BALTIMORE—Today, the Baltimore Right to Water Coalition submitted this comment, along with nearly 100 public comments from Baltimoreans, to the Department of Public Works in response to their draft regulations for the dispute resolution process mandated by the Water Accountability and Equity Act. The comments urge increased neutrality and customer fairness.
The Department of Public Works released the draft regulations last month, but the comment period on these regulations ends today. The Water Accountability and Equity Act, passed unanimously by the City Council last November, requires the Department to create a new, comprehensive dispute resolution process with the establishment of an Office of Water Customer Advocate.
The Office of the Water Customer Advocate is meant to provide a truly independent review of customer bills, as well as helping the customer solve issues with water bills, access to assistance programs and related problems. The Advocate is meant to provide transparency, public input, and solutions to systemic problems through regular public hearings before the Committee on Oversight. These critical accountability measures are entirely absent from the DPW rules.
In addition to the draft regulations, Acting Director Garbark released a letter he sent to Chairwoman Middleton following an informational hearing on the WAEA’s implementation, as well as an implementation overview.
In the letter, he requests to change the affordability program in the WAEA to be a flat rate discount, not a percentage of income billing program. This request directly goes against the WAEA’s legislative intent to make water bills affordable for all households based on their incomes, it is a fiscally irresponsible option for the city which cannot collect money that doesn’t exist from low-income residents, and it excludes renters who already cannot afford increased water rates. Garbark also requests to rework the tenant-specific provisions and to extend the implementation deadline by up to a year to provide assistance to tenants. In the midst of an economic crisis for many families, it is even more urgent that the Department implement this legislation by the July 13, 2020 deadline.
Baltimore Right to Water Coalition Member Quotes:
“It is crucial that this new dispute resolution process change the business as usual for DPW, and create a truly new, accountable, dispute resolution process, said Rianna Eckel, Senior Maryland Organizer, Food & Water Watch. “Baltimoreans deserve more than opaque, unilateral decision making from the Department of Public Works on water bills that could potentially cost them hundreds, if not thousands of dollars. We pushed to pass the Water Accountability & Equity Act to change these problems, and the Department needs to do its fair share of the work to implement this legislation strongly.”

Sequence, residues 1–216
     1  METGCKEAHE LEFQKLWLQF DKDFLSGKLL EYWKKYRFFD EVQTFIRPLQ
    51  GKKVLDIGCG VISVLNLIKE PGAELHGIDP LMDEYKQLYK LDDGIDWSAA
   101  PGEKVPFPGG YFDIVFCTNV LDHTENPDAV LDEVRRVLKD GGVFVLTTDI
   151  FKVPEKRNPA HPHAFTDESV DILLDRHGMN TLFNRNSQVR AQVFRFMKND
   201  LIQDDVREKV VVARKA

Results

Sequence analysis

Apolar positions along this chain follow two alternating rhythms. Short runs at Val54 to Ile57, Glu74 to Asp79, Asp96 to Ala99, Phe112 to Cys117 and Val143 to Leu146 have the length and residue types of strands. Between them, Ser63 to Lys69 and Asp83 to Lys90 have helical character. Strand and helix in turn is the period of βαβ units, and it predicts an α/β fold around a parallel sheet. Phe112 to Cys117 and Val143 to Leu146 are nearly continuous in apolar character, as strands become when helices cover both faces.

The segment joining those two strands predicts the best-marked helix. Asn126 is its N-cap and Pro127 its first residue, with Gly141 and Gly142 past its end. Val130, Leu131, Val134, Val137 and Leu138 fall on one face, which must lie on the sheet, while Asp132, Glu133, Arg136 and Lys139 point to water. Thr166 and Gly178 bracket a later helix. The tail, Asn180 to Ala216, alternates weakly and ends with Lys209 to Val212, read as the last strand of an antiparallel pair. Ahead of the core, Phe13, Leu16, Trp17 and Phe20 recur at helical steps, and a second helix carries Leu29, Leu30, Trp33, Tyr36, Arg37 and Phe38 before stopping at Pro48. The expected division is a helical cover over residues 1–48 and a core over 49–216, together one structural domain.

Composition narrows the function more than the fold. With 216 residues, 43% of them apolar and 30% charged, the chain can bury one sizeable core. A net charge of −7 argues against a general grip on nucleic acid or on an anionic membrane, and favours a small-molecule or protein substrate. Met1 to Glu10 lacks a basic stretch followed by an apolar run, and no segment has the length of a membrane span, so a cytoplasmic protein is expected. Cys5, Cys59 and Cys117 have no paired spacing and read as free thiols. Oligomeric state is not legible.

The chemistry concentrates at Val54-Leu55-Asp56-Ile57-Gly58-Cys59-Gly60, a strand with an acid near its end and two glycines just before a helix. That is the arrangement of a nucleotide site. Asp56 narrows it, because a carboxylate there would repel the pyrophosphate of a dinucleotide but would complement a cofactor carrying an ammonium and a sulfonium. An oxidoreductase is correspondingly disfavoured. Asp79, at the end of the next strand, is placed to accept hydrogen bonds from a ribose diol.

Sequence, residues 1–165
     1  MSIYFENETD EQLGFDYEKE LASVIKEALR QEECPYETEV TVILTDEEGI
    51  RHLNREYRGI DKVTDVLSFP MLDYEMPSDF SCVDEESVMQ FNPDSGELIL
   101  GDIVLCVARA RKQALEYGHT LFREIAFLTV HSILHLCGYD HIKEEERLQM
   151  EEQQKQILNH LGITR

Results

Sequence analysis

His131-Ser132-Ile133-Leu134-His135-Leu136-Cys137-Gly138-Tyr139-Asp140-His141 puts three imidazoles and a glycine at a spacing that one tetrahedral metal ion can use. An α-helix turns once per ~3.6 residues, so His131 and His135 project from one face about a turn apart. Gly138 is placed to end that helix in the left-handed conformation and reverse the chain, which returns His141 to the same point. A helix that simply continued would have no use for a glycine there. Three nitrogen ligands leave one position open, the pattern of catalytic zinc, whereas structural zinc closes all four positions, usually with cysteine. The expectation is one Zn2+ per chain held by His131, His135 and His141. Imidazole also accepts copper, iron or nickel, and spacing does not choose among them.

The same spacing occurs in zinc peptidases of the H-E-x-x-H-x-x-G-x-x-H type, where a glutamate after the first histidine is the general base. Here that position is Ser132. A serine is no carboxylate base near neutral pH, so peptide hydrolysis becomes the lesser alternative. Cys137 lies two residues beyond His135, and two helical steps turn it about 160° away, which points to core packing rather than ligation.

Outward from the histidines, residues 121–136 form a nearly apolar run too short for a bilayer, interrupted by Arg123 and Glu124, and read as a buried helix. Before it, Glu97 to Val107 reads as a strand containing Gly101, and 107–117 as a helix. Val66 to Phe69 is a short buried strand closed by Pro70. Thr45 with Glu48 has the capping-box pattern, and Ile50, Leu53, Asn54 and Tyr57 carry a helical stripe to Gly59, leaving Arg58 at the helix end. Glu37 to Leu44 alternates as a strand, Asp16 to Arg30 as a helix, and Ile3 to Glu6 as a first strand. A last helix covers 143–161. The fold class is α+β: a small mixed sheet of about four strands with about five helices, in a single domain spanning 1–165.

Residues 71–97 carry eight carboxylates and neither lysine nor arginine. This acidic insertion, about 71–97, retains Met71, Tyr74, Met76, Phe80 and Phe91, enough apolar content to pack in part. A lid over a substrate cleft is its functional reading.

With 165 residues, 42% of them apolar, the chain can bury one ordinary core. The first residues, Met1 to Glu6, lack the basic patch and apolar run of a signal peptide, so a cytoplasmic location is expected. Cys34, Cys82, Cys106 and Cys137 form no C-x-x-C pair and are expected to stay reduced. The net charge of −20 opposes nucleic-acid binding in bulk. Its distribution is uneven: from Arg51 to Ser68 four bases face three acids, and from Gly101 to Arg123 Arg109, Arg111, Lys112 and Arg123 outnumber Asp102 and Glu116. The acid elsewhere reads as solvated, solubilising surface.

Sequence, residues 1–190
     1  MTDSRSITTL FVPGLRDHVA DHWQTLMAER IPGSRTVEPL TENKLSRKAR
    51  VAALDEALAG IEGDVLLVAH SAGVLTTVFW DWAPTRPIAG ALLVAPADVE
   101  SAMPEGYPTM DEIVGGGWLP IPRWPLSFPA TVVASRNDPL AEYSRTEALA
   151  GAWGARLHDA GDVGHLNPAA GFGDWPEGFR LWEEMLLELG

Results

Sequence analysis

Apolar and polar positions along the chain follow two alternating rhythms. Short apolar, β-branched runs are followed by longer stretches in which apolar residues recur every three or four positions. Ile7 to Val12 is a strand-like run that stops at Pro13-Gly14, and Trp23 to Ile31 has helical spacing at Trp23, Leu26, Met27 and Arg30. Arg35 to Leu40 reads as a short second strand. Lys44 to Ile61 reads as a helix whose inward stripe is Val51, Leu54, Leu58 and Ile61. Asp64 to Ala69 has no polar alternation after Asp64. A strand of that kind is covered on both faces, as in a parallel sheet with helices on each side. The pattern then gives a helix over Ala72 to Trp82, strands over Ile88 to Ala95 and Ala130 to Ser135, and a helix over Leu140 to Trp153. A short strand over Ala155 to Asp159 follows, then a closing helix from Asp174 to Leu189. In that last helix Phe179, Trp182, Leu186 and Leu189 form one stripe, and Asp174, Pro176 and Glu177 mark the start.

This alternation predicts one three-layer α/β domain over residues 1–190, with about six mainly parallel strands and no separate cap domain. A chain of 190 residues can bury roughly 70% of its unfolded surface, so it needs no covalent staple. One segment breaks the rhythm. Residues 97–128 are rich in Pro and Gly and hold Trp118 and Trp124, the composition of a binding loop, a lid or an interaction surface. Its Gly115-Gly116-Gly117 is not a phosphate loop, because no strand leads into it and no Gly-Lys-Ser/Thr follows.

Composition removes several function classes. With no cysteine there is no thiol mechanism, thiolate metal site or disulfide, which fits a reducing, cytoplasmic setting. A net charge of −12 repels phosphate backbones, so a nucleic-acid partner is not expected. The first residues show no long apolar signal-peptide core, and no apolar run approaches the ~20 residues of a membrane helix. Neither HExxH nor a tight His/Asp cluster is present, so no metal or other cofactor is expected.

“The lack of workable regulations and the Acting Director’s request to scrap key parts of the legislation unfortunately continue DPW’s obstruction of change, which we saw throughout the legislative process,” said Zafar Shah, attorney at the Public Justice Center, a Baltimore-based civil legal aid organization and member of the Baltimore Right to Water Coalition. “Under Mr. Chow and now Mr. Garbark, DPW has shown time and again a lack of urgency to ensure fairness for renters who pay water bills. We should not be surprised that the proposed regulations include zero details on how DPW will change its culture of denying renters’ access to billing disputes, appeals, and discounts. Even in a pandemic, renters are currently unable to access discounts without a friendly landlord by their side.”
While we were thrilled in the unanimous passage of the Water Accountability and Equity Act earlier this year, it is clear that the work is not done,” added Molly Amster, Baltimore Director of Jews United for Justice, a local organization which advocates for social, racial and economic justice in the region and a member of the Right to Water Coalition. “We are frustrated and disappointed, but not surprised, that the Department of Public Works has continued in their attempts to weaken the accountability and affordability programs the law requires them to create. Baltimore City residents, and in particular renters, deserve to have the WAEA programs run as intended. The programs' regulations must lead to the fairness, equity and accountability that Baltimore City residents, and our elected officials, have been asking for.”
“The people of Baltimore have already suffered for much too long from patently unfair billing practices and the absence of accountability from this part of their government,” said Jaime Lee, Associate Professor and Director of the Community Development Clinic at the University of Baltimore School of Law. “The WAEA is already law, and that law should not be ignored or broken. It is past time for DPW to get started on the hard work.”